Dark Half, The

This film adaptation of a novel by Stephen King begins with a flashback to 1968 when a young boy, Thaddeus, undergoes surgery to remove a brain tumor. The "tumor" turns out to be Thad's unborn twin which his parents request be buried in the family plot. Simultaneously, thousands of birds take flight and fill the sky outside the hospital. The story then shifts to the present where an adult Thad, married, father of infant twins, and successful author, is lecturing to his class at a university. Afterward, a smarmy man approaches him and asks him to autograph a trashy, best-selling novel. When Thad refuses, protesting that he's not the author, the man persists that he is, and threatens blackmail. Thad is upset. Under his own name he's published respectable, critically-praised novels that had earned him a reputation, but that hardly paid the rent. However, under the guise of the pen-name George Stark, he has turned out lurid best sellers that have sold millions. Now that he's exposed, rather than submit to blackmail, he decides to go public in a big way, and, at the same time, bury George Stark...literally. In a photo story for People Magazine Thad stands in his family burial plot, with a shovel in his hand, before a phony gravestone marked George Stark. Later a large hole appears before the gravestone, with hand prints at the edge, as if someone dug themselves out of the grave. People are getting murdered and the police suspect Thad. Thad begins showing signs of schizophrenia and he begins hearing bird sounds in his brain. After one murder, a bloody message is scrawled on the wall, "The sparrows are flying again."

  • Starring: Timothy Hutton and Amy Madigan
  • Director(s): George Romero
  • Producer(s): Orion Pictures
  • Screenwriter(s): George A. Romero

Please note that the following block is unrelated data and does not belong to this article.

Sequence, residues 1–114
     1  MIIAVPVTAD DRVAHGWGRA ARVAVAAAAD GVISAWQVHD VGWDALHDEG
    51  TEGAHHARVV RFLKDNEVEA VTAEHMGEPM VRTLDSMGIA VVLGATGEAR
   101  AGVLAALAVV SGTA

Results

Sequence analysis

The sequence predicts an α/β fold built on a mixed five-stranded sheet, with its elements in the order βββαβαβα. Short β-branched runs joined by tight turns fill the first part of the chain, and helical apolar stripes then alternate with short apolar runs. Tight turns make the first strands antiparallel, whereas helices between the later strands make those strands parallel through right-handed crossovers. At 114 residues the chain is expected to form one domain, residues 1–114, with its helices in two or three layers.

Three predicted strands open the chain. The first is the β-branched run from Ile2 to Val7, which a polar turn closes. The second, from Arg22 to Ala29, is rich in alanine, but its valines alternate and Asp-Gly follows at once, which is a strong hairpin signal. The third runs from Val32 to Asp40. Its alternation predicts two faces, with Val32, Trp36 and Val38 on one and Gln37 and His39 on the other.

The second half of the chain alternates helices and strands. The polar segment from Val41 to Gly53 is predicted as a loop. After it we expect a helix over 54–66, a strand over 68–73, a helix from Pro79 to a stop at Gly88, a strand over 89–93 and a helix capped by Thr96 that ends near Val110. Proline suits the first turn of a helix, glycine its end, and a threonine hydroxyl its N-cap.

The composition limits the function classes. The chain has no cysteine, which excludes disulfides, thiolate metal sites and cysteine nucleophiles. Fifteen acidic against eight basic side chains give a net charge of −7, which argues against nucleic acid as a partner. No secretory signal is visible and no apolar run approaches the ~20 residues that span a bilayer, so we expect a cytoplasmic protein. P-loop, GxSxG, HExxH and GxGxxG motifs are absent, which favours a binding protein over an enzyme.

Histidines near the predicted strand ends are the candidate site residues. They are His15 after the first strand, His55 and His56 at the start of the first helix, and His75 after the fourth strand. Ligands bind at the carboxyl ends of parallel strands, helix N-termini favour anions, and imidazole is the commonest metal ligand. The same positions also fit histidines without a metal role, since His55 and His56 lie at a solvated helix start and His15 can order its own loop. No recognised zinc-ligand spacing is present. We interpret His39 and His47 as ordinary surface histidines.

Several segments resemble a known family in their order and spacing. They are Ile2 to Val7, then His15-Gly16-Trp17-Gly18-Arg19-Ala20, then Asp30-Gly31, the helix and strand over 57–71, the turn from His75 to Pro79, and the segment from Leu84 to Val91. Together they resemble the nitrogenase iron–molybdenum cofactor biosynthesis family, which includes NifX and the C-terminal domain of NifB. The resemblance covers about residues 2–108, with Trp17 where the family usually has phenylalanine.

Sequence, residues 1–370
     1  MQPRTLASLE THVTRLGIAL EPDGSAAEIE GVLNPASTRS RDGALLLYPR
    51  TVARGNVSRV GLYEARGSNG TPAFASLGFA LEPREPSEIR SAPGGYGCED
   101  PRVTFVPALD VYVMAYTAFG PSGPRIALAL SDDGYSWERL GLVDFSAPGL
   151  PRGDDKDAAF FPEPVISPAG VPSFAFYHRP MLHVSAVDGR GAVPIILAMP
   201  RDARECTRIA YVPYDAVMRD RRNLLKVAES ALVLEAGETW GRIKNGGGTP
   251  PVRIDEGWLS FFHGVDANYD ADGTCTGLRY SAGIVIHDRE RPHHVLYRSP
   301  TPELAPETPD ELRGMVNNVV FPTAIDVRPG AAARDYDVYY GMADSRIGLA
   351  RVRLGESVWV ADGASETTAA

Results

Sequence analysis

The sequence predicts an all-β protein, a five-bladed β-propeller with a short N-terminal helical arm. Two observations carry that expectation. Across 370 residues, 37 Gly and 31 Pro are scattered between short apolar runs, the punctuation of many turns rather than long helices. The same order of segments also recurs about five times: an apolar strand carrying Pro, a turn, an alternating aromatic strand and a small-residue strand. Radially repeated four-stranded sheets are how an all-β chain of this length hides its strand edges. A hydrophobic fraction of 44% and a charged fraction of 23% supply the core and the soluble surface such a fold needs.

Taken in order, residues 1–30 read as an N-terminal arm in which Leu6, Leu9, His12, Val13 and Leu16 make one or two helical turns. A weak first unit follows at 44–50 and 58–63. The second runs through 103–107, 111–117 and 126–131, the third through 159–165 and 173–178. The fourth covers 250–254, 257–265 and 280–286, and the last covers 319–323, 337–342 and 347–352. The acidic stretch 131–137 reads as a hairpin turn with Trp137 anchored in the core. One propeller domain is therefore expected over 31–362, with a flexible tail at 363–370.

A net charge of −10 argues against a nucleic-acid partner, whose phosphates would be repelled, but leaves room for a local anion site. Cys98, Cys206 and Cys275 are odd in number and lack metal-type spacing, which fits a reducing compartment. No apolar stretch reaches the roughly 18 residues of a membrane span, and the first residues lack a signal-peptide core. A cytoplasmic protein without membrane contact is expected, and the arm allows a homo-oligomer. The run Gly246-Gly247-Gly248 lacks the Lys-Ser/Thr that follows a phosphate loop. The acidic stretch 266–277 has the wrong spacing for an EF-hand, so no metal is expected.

• Distributor: Orion Pictures
  • Release Date: Wednesday, June 19, 1991

Featured Animal Action

Thousands of birds are featured in The Dark Half. Rather than sparrows, mostly finches were used as they are stronger and more aggressive. Representatives of American Humane were present for both the training and actual filming of the birds. Housing conditions, including temperatures, were carefully controlled. Training consisted of exercise to build stamina. The birds responded to food, without depriving them of any, but by altering their feeding time. They were always fed inside a box so that they would look for the box and respond to it. Since finches are not very aggressive by nature, aggressive scenes were simulated using mechanical birds, special effects, or animation. As added protection for the birds when on the film sets, the rooms were netted. For outdoor scenes of large flocks of birds, documentary-style footage was filmed in Alabama in an area which has a large starling population. Apart from that, no birds were filmed outdoors. For the scene where the birds appear to be breaking through a wall, the wall was rigged to break away in small sections. Fake birds were attached to the top of a hammer device which broke through the wall. Real birds came through the holes that had been made in the wall and bookshelfs. The final dramatic scene with the birds was filmed in a series of quick cuts, using a blend of real and fake birds, special effects and animation. The real birds were filmed perching on a trainer who was lying on the floor. Some of the filming was reversed to give the effect of the birds lifting a man. This footage was superimposed with footage of birds flying in front of a blue screen to create the illusion of many more birds in the scene.